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LEE v. IARIA

November 2, 2005.

JESSE TERENCE LEE, Petitioner,
v.
VINCENT J. IARIA, Chief Probation Officer; BILL LOCKYER, Attorney General of the State of California, Respondents.



The opinion of the court was delivered by: RUBEN BROOKS, Magistrate Judge

REPORT AND RECOMMENDATION RE: DENIAL OF SECOND AMENDED PETITION FOR A WRIT OF HABEAS CORPUS AND ORDERING RESPONDENT (S) TO FILE DECLARATION [DOC. NO. 8]
Petitioner Jesse Terence Lee, an individual proceeding pro se, filed a Second Amended Petition for Writ of Habeas Corpus [doc. no. 8] on February 28, 2005. Petitioner alleges two grounds for relief: (1) He was denied his right to put on a defense, under the Sixth and Fourteenth Amendments, when the trial court excluded a witness who alleged excessive force during his arrest by the same deputy who arrested Lee; and (2) he was denied his right to confront witnesses against him, under the Sixth and Fourteenth Amendments, when the trial court limited cross-examination of Deputy Stebbing on prior complaints of excessive force. (Second Am. Pet. 6-7.) On April 22, 2005, Respondent*fn1 filed an Answer [doc. no. 11] to Lee's Second Amended Petition. Petitioner filed his Traverse [doc. no. 14] on May 24, 2005.

After reviewing the Second Amended Petition, Respondent's Answer, the Lodgments, and the Traverse, this Court finds that Lee is not entitled to the relief requested and recommends that his Second Amended Petition for a Writ of Habeas Corpus be DENIED for the reasons outlined below.

  I. FACTUAL BACKGROUND

  A. According to the Prosecution

  On the evening of October 30, 2001, San Diego County Deputy Sheriff Robert Stebbing stopped Petitioner's vehicle because he had a taillight out. (Lodgment No. 2, Rep.'s Trial Tr. vol. 3, at 493, 495, June 19, 2002.) Deputy Stebbing became suspicious when Lee did not immediately pull over. (Id. at 502-03.) Stebbing asked Petitioner why he did not immediately pull over, and Lee responded that he had been looking for a safe place to stop. (Id. at 513-14.) Lee did not have a valid driver's license in his possession. (Id. at 515.)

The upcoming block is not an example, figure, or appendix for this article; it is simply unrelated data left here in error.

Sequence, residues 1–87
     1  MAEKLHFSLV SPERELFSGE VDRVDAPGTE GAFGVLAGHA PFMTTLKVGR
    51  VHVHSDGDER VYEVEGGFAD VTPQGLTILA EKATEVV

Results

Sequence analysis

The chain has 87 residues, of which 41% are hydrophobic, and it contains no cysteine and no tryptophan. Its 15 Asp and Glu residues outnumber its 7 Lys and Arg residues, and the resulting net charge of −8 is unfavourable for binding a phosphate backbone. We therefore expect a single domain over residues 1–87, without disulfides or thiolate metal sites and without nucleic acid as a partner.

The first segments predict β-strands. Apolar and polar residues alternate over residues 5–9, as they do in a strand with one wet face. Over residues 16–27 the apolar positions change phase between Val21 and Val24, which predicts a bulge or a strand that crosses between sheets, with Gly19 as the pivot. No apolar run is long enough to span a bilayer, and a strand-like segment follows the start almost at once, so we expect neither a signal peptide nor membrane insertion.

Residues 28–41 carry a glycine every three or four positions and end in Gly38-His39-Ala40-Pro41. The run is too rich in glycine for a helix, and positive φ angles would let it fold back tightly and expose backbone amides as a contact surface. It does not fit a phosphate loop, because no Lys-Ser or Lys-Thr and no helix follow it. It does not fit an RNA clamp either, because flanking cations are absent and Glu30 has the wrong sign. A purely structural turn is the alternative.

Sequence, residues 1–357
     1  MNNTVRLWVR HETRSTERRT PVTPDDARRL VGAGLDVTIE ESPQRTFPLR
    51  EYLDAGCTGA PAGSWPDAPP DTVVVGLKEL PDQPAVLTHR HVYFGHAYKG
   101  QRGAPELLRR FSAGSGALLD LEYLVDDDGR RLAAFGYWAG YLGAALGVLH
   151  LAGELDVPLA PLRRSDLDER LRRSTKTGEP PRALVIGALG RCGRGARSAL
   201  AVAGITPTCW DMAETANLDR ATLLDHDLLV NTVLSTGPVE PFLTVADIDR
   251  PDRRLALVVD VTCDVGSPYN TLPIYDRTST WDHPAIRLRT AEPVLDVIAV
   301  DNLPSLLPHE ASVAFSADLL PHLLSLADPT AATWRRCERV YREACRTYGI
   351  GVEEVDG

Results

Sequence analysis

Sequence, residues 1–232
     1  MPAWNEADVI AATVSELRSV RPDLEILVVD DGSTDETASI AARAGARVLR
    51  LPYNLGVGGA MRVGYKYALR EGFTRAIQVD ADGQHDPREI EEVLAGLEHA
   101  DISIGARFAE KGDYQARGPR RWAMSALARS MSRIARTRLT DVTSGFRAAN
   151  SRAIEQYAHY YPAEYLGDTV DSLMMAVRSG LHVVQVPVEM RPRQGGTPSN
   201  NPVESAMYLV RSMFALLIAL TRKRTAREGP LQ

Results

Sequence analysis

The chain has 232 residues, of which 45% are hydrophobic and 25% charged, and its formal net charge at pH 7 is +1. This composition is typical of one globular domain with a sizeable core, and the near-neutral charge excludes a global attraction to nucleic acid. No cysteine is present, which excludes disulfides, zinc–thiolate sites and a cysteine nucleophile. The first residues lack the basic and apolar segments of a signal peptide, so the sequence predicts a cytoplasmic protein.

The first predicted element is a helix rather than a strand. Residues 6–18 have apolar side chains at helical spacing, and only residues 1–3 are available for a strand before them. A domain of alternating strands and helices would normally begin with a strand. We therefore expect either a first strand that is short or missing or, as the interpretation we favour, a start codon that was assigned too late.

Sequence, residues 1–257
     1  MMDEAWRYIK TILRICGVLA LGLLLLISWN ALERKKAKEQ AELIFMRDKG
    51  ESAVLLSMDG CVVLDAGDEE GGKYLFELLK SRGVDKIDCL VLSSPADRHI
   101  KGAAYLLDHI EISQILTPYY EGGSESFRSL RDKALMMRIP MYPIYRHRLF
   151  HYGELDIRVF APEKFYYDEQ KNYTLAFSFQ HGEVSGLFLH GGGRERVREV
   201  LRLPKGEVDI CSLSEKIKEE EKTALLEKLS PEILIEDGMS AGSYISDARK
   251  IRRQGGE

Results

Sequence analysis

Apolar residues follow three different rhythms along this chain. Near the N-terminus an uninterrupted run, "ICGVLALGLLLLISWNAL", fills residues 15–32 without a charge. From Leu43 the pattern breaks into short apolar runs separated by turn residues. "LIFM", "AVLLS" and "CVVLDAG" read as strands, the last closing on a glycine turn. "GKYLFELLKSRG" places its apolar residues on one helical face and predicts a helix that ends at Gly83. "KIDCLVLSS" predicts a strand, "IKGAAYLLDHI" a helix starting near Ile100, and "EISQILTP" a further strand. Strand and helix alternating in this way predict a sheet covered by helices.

Deputy Stebbing decided to "run [Petitioner's] D.M.V. status" to confirm his identity. (Id. at 522.) Lee refused to sit in the back of the patrol car while the deputy ran his check. (Id. at 522-24.) Deputy Stebbing attempted to force Petitioner into the backseat of the patrol car, placing Lee's right arm in a "wrist lock." (Id. at 525-26.) Petitioner resisted and demanded Stebbing release him because the deputy was hurting his shoulder. (Id. at 551.) At that point, Deputy Stebbing radioed for backup. (Id. at 535.)

  Pedro Alcazar, an employee at a restaurant in the shopping center where Lee stopped his car, saw Deputy Stebbing holding Lee's hands behind his back and Petitioner struggling to get away. (Lodgment No. 2, Rep.'s Trial Tr. vol. 4, at 768-70, 775-76, June 20, 2002.) Alcazar also saw Lee hit the deputy three times before running away. (Id. at 773-74.)

  Deputy Dan Settle responded to Deputy Stebbing's request for backup with his tracking dog named Urk. (Id. at 641, 645, 649-50.) The police helicopter circling overhead warned Petitioner he should surrender to the deputies to avoid being bitten by the police dog. (Id. at 657-58.) Urk tracked Lee's scent, found him, and bit him on the left forearm. (Id. at 665-66.) While Petitioner was struggling with the dog, Deputy Settle struck Lee in the abdominal area with a flashlight. (Id. at 671.) Deputy Schott, who also responded to Deputy Stebbing's call for backup, deployed five to ten rounds from a pepperball gun at Petitioner's upper torso. (Id. at 737, 747-48.) Lee continued to struggle with Urk on the ground. (Id. at 749.) Another responding officer, Deputy Foster, used his collapsible baton to strike Petitioner on the upper portion of his arms and back. (Lodgment No. 2, Rep.'s Trial Tr. vol. 6, at 927, 929, June 24, 2002.) Deputy Foster struck Lee several more times with the baton when he attempted to stand up. (Id. at 929-30.)